Such low-code/no-code applications place power in the hands of subject matter experts (SMEs), giving them the opportunity to experiment with different approaches.  
The familiar experience of clicking through courseware is unlikely to go away, but new tools are creating fresh opportunities. For example, tools such as augmented reality (AR) and virtual reality (VR) bring new ways to help employees do their jobs better. These can, for example, superimpose production-line guidance onto a visor or simulate a stressful experience such as dealing with an armed robbery. Unlike other metaverse applications – which can often appear to be a solution in search of a problem – there is huge potential to enable learners to operate in a simulation of their working environment. 
Not all simulations need to be as elaborate as a 3D environment. Coaching applications can bring advice and support to a chat interface powered by machine learning and built upon thousands of hours of coaching data. As artificial intelligence (AI) continues to move from concept to reality, the industry is beginning to produce a wide range of applications such as course generation, automated quizzes providing spaced repetition to remind employees of previous training, or course recommendations. 

New foundations are needed

AI may be powerful, but it requires a strong foundation of high-quality data. Busy employees will not want to complete a course of training only to find this has been mistakenly recommended because of a configuration error or a misunderstanding by a colleague. Modern workplace learning is increasingly built upon a sophisticated layer of data where details such as individual interactions are recorded in a learning record store (LRS) that can be used to measure and improve the delivery of learning.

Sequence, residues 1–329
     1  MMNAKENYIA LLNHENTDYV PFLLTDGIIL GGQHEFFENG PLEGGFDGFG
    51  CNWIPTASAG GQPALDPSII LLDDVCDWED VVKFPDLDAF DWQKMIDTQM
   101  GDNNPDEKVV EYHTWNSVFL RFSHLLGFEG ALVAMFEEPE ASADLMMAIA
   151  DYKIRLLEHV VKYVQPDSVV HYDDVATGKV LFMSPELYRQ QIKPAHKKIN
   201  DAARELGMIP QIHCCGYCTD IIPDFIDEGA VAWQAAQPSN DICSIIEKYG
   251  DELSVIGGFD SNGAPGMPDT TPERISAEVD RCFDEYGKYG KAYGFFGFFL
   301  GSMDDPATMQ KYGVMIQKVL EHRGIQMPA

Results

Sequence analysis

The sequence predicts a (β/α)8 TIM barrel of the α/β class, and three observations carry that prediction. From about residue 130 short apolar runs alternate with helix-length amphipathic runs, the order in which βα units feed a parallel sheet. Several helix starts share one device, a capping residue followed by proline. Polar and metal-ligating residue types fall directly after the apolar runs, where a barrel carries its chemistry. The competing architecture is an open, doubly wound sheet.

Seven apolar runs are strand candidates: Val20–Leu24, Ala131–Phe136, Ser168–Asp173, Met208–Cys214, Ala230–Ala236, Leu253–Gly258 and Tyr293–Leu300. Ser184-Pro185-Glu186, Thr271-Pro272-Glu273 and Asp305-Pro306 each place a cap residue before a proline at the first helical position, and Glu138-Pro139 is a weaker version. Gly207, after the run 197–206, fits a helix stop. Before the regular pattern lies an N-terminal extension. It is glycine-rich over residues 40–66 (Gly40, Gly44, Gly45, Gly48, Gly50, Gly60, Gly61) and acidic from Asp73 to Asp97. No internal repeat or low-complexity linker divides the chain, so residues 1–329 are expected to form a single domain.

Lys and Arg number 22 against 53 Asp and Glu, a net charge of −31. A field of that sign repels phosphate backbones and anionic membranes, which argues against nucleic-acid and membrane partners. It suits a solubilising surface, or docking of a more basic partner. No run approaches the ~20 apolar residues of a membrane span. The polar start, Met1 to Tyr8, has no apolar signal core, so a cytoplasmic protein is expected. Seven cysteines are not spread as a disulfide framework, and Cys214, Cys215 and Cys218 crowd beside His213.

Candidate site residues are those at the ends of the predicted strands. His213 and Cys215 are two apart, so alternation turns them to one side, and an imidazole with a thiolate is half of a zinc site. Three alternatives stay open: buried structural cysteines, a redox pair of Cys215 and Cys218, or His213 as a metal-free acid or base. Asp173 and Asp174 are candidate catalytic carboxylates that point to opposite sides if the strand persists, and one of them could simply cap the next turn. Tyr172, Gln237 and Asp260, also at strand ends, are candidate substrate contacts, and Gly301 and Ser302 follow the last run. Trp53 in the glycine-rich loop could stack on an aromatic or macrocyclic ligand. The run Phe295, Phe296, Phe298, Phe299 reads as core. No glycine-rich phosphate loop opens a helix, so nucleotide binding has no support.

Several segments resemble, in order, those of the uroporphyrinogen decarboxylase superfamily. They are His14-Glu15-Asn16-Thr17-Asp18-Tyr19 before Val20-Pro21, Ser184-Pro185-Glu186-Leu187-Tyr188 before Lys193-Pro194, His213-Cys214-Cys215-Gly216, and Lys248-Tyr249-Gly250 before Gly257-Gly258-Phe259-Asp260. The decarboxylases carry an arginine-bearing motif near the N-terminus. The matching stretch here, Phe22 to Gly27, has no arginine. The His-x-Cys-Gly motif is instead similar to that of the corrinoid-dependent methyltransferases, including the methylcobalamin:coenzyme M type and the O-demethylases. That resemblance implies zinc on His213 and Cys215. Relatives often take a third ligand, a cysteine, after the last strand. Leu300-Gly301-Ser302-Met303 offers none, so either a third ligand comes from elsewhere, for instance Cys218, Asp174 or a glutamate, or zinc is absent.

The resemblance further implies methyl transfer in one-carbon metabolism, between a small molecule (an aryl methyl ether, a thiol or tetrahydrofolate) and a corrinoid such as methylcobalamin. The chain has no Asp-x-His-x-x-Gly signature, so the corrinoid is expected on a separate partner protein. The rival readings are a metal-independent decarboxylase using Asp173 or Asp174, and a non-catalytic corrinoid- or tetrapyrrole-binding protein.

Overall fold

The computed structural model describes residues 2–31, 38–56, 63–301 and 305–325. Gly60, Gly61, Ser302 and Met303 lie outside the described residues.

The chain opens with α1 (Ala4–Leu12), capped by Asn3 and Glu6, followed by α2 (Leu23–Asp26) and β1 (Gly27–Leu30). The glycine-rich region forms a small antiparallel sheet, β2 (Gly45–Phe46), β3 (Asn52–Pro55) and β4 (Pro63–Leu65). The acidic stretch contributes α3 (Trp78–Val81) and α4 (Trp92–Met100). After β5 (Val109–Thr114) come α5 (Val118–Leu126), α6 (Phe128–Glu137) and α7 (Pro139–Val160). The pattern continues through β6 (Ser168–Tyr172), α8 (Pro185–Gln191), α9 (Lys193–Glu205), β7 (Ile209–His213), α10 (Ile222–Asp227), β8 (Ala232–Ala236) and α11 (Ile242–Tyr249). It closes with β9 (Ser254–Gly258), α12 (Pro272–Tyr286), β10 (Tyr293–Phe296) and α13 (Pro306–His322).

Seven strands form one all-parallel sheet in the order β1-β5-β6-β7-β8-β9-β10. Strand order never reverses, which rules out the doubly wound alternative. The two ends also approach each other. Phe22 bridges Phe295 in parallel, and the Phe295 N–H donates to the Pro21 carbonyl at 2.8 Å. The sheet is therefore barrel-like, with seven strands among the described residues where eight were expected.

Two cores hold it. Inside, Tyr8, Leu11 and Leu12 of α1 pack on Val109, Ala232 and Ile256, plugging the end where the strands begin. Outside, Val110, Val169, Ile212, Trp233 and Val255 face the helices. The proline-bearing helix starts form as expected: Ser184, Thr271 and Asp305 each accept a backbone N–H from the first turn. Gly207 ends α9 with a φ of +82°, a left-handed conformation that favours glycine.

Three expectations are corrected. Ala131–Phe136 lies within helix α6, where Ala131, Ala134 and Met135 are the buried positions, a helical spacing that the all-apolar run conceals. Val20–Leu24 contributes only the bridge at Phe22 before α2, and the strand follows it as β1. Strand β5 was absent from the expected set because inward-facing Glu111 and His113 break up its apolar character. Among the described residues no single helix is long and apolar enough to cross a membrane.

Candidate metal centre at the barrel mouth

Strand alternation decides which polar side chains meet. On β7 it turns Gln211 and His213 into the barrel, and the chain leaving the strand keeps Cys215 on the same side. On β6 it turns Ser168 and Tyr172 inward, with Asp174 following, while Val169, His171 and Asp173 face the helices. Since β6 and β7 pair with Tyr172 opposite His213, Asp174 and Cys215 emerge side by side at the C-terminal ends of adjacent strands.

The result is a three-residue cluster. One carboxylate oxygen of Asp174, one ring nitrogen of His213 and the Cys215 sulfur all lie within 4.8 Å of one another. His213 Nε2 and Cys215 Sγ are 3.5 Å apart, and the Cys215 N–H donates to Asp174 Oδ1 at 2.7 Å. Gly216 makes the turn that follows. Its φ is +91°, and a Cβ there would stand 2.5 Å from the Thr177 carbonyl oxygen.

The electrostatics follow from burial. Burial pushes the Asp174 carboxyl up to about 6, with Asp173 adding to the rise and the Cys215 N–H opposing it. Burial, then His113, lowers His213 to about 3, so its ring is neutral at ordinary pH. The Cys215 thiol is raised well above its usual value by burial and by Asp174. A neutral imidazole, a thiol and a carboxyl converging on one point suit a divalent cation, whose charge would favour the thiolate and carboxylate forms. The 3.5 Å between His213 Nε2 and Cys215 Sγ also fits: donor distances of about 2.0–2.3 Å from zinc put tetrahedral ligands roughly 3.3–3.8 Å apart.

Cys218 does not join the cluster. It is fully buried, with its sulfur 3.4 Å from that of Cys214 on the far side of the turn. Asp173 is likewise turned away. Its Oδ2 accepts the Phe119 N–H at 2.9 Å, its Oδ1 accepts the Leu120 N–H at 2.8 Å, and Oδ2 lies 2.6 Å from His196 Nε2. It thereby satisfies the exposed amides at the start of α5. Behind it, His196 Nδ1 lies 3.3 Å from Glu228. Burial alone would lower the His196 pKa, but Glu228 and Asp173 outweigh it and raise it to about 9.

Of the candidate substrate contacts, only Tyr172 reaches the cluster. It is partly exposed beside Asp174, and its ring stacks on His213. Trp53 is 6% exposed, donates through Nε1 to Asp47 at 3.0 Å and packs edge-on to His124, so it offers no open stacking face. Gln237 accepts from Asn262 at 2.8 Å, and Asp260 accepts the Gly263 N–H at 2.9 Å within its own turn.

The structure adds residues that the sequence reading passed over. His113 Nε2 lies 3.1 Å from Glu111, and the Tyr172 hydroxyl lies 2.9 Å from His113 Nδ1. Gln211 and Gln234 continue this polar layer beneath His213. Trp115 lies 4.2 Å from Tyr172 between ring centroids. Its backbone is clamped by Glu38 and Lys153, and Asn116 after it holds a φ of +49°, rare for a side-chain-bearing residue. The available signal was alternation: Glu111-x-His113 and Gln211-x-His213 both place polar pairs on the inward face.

This data can also be the fuel that drives strategic advances, but a typical LRS captures just a fraction of the potential data as it is connected to a subset of corporate systems only. A lot is being missed if, as learning platform provider Degreed suggests, just 21% of workers say their online skills profiles are up to date. The corporate digital estate goes far beyond personnel profiles, of course, illustrating the potential possible in connecting systems to learn more about employees and their needs in order to bring them the right training at the point when it will be most effective. 
While there are more ways to bring training to employees than ever before, technology is also giving us an unprecedented opportunity to learn collectively from the data generated. This goes beyond merely creating better training or achieving better results, towards forging a more tangible connection between learning and its impact on the business.  
In this new report, we look at how workplace learning is changing, as well as the technologies behind these changes. We consider the rising importance of employee experience and see how a number of employers are using technology to engage their people and help them learn. We also acknowledge that the technology on its own cannot drive change and that a wider cultural shift is essential to enable a new mindset around learning within organizations.  


Connected learning:

How the digital workplace supports the learning organization

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Categorised in: Learning & development